The War Against Invisible Wounds Continues
By: Collin Bohlke, MA., LPCC, LMHC
Author’s Note: The views and opinions expressed in this article are not the views and opinions of innovaTel, its associates, and any affiliation with partner clinics or the organization itself as well as any entities cited in this article. The views and opinions expressed are solely those of the author.
A 20-year war has finally ended. In late August of 2021, President Biden called for all American forces to leave Afghanistan, thus ending a war that has been going on for longer than some Americans have been alive. Americans who were alive during the September 11th attacks all witnessed and endured a collective trauma that changed our country and a generation of people forever. Our service men and women, as well as those military families, have experienced trauma as it relates to this war, whether that trauma be physical or mental. It is safe to assume that those military individuals and their families will most likely continue the fight against the invisible wounds of war for several years to the rest of their lives. Regardless of individual views and opinions, how do we as civilians offer support to members of the military who are in our communities, workplaces, and homes as they come back and are reintegrated into society?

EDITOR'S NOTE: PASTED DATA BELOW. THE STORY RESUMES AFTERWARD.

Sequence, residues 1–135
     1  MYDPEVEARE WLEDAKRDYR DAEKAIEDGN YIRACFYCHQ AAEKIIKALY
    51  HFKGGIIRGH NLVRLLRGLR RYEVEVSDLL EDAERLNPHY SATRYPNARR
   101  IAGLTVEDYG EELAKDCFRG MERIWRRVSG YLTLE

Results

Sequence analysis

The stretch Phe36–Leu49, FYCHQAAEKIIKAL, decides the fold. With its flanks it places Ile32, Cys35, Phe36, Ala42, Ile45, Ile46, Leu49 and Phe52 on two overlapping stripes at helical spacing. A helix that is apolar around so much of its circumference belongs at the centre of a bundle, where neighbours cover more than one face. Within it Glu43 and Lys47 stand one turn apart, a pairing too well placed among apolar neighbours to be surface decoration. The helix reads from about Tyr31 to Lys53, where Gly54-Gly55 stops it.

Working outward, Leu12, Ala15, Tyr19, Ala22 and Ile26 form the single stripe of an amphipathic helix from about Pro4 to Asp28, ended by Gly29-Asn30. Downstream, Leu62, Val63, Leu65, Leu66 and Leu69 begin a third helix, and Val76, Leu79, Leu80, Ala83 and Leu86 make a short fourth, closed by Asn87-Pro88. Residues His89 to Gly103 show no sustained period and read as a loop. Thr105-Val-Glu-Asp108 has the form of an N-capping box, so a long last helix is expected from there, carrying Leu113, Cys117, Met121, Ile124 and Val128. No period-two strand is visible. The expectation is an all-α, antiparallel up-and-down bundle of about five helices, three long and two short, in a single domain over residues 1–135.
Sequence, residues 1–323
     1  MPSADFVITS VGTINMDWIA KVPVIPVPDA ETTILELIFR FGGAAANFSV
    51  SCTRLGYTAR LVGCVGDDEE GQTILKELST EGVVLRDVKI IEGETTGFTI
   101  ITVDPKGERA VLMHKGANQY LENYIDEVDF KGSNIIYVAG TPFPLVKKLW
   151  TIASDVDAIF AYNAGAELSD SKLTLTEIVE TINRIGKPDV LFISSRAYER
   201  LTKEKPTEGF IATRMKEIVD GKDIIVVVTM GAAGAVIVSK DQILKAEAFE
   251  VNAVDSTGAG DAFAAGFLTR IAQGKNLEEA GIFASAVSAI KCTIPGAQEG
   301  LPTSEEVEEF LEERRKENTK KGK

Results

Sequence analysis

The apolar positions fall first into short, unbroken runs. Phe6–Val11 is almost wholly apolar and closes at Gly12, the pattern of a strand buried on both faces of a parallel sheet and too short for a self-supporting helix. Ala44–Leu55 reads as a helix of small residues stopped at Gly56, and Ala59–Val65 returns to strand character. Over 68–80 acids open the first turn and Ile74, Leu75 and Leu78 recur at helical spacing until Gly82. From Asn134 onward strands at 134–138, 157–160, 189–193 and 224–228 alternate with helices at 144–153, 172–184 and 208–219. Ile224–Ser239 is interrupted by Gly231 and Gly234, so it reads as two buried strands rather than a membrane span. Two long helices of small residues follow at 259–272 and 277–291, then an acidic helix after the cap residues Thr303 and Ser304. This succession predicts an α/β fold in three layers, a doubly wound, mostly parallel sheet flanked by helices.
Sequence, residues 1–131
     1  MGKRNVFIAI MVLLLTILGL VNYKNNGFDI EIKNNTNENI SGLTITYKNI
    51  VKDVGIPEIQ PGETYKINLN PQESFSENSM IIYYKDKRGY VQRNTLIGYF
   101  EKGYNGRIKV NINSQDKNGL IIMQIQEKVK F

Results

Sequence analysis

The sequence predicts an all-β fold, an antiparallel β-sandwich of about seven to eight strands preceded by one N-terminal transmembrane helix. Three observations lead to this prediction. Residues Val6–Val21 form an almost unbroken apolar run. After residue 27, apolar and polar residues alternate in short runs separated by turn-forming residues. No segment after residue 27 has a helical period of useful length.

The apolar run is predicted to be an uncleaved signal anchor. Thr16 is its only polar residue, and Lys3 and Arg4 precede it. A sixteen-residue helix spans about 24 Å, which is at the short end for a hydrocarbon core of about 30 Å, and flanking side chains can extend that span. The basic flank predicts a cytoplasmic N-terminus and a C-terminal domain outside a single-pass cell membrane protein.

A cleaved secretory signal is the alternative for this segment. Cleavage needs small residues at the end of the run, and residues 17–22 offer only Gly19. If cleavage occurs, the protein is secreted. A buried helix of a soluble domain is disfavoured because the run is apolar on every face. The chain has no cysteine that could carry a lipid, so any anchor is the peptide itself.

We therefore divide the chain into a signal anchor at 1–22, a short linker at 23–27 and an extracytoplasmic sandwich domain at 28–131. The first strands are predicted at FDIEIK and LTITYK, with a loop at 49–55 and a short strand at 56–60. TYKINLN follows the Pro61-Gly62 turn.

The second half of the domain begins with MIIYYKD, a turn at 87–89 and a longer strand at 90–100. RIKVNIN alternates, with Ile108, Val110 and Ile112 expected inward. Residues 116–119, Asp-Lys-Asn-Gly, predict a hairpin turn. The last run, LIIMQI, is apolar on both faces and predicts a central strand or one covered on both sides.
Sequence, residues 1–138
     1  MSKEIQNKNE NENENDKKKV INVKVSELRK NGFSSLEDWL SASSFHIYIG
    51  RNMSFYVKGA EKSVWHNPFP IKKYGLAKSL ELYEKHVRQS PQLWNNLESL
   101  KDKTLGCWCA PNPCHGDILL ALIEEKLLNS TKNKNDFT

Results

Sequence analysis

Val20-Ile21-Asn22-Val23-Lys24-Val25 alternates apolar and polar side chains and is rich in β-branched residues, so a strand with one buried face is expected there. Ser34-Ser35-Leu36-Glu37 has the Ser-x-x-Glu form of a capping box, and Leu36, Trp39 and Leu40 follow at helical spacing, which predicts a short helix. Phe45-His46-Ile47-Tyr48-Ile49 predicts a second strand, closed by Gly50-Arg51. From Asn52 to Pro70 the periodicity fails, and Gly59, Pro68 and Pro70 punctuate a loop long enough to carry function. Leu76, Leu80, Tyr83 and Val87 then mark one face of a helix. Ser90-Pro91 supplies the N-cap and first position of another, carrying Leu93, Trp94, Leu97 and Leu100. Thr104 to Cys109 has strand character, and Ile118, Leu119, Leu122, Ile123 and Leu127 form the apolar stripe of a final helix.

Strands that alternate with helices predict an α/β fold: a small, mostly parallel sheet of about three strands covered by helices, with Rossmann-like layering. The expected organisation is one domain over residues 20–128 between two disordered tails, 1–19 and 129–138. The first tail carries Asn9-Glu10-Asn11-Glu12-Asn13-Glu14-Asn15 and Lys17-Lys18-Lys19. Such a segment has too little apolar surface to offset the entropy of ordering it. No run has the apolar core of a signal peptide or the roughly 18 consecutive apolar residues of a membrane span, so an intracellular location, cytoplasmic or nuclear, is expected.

First, it’s important to know what we are up against. The National Council for Mental Wellbeing reported that 30% of active duty and reserve military members who were deployed to Iraq and Afghanistan have a mental health condition that requires treatment, which equates to approximately 730,000 men and women suffering from things such as post traumatic stress disorder and depression. According to the U.S. Census Bureau, that’s more total people than the city of Denver, Colorado. Furthermore, the National Council for Mental Wellbeing noted in that same 2021 report that “less than 50% of returning veterans in need receive any mental health treatment.” The United States Department of Veteran Affairs reported that utilization of healthcare services increased from 20% in the year 2001 to 48% in 2016. Interestingly, that also shows that more than half of veterans do not utilize the VA healthcare system, meaning those individuals are seeking services elsewhere, if at all.
Secondly, although not every individual who enters the military will experience trauma or automatically develop mental health disorders like post traumatic stress disorder, issues such as moral injury and survivor’s guilt can still make an impact on individual servicemembers and their families. Moral injury and survivor’s guilt can be very mentally debilitating for service members, especially now that the U.S. has withdrawn from Afghanistan.